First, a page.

Workplace Sexual Harassment: Know Your Rights
Sexual harassment is not a new issue; however, it is something people staring hearing more about when more women began entering the workplace. This led both federal and state governments to acknowledge that sexual harassment in the workplace does happen and create laws to protect both men and women. Employers have also acknowledged that sexual harassment happens must follow certain laws concerning these incidents. It is important that you understand your rights, so you can take the necessary steps to put a stop to sexual harassment if it happens to you.
Sexual Harassment Laws
It is against the law to sexually harass another person. Many states have their own laws concerning theses types of incidents, and they are often considered a type of sexual discrimination. Federal laws include Title VII of the Civil Rights Act of 1964 , which views sexual harassment as employee discrimination, and the Civil Rights Act of 1991 gives sexual harassment victims with legal right to hire an attorney and sue for damages.
Understanding Your Rights
It is important to understand that sexual harassment is not always as obvious as you might think. It does not have to have to include physical contact or overt verbal advances. The Equal Employment Opportunity Commission (EEOC), consider the following incidents to be sexual harassment.
- Quid pro quo sexual harassment, which is when someone who has a certain amount of power over you, such as a managerial position, makes you believe if you do not do respond nicely to their advances, you'll lose your job.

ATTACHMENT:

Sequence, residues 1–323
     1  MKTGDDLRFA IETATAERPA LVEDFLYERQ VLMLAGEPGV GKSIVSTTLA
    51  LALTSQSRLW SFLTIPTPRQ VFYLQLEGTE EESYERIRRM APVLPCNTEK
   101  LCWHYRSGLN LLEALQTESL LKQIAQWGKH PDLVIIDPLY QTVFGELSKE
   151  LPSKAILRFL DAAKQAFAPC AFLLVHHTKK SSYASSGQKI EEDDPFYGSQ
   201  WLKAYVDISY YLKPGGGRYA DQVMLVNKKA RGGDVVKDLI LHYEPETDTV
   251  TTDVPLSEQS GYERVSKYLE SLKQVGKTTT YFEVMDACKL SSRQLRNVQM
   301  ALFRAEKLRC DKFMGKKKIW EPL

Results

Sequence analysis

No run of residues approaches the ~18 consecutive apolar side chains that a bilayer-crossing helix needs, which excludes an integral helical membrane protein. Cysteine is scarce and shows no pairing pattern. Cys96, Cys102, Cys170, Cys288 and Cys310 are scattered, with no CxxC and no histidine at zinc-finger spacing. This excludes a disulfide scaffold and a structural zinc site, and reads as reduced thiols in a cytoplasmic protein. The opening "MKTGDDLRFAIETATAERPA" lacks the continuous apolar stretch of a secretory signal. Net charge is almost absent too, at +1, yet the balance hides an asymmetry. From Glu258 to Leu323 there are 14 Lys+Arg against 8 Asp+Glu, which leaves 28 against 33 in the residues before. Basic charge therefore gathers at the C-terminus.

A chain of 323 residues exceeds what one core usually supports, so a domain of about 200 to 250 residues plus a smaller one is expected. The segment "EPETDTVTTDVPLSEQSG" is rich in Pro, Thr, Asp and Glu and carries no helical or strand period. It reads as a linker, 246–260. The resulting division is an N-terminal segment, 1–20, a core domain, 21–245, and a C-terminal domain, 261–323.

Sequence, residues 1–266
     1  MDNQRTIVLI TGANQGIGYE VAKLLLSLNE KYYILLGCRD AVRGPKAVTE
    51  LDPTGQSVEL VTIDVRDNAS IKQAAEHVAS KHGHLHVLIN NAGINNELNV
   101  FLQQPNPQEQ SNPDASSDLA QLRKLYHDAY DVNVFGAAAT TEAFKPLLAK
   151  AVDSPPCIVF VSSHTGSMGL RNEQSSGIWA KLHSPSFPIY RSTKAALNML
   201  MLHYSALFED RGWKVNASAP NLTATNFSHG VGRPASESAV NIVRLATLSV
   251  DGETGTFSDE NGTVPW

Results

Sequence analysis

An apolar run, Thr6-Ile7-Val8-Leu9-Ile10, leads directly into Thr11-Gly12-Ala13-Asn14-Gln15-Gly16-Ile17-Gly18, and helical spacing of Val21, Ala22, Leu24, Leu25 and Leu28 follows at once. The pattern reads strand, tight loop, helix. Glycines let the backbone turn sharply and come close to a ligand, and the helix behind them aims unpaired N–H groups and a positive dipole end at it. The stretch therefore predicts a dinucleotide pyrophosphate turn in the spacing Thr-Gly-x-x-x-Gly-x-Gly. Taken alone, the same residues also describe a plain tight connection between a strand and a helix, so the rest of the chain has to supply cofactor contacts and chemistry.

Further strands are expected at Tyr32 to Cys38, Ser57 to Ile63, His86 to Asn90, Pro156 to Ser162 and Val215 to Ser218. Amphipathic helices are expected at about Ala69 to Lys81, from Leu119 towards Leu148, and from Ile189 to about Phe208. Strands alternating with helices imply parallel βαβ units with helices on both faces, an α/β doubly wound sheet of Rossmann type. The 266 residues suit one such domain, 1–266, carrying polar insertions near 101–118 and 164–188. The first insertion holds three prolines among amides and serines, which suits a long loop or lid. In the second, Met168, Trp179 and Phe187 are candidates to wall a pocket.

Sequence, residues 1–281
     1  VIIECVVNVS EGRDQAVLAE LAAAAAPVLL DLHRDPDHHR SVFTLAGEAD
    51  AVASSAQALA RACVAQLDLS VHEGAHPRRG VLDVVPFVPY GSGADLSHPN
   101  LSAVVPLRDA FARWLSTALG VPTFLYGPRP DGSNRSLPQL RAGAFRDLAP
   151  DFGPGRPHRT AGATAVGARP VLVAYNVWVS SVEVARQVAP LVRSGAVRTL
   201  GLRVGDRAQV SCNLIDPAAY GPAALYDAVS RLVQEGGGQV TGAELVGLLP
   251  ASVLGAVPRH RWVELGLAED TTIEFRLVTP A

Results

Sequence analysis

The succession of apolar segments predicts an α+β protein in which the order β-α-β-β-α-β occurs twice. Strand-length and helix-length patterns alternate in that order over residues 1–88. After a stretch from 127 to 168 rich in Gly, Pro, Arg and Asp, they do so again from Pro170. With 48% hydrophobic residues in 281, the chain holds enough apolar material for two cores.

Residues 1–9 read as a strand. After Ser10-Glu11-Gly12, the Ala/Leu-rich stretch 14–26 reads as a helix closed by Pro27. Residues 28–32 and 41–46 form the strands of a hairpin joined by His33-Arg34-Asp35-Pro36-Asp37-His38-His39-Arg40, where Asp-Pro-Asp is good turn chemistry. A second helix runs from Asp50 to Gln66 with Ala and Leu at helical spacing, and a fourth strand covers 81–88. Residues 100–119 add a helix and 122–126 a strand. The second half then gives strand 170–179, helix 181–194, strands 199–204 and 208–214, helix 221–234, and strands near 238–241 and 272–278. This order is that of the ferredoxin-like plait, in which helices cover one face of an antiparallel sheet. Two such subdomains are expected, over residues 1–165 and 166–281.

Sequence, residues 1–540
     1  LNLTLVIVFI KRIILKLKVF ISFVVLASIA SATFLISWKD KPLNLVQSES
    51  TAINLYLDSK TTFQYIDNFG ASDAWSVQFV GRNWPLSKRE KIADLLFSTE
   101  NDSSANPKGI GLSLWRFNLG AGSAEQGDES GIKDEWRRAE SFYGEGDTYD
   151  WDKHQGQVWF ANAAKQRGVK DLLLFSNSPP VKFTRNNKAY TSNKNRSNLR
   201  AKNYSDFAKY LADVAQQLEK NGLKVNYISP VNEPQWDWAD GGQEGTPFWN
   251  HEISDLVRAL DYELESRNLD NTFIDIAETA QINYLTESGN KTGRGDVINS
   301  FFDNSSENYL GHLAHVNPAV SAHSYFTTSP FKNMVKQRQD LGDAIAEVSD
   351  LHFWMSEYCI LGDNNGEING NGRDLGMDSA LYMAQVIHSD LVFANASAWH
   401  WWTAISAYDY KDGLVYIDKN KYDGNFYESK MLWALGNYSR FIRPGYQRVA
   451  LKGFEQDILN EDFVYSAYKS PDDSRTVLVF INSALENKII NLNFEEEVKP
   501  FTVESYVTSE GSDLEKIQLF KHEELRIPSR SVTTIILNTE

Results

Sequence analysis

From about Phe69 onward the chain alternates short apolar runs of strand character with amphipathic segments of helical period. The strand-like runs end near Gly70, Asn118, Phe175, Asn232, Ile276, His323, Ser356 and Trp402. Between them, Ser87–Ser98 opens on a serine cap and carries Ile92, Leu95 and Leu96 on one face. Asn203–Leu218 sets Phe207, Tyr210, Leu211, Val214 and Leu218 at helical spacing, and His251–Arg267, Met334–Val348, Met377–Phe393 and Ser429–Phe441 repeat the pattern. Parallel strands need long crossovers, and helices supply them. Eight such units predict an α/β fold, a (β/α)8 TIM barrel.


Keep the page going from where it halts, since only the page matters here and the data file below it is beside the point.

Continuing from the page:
- Creating an intimidating environment, which includes subjecting a coworker to sexually lewd comments, unwanted physical contact, or sexually explicit material that makes it difficult for a person to do his or her job.
You can be a victim of sexual harassment even if it is not directed at you. If you have a coworker who is promoted in exchange for sexual favors with the boss, then you may be the victim of sexual harassment. If the sexual advances are directed toward you, and you comply with them out of fear of losing your job, the law may still consider the incident sexual harassment. No matter what type of harassment it is, generally there must be a pattern, so something must happen more than once.
Your employer is obligated by law to address any reported instances of sexual harassment, and your employer can be held liable for instances of quid pro quo harassment. If you feel you have been sexually harassed, it is a good idea to discuss the instances with a sexual harassment attorney to help you through the legal process of filing a lawsuit.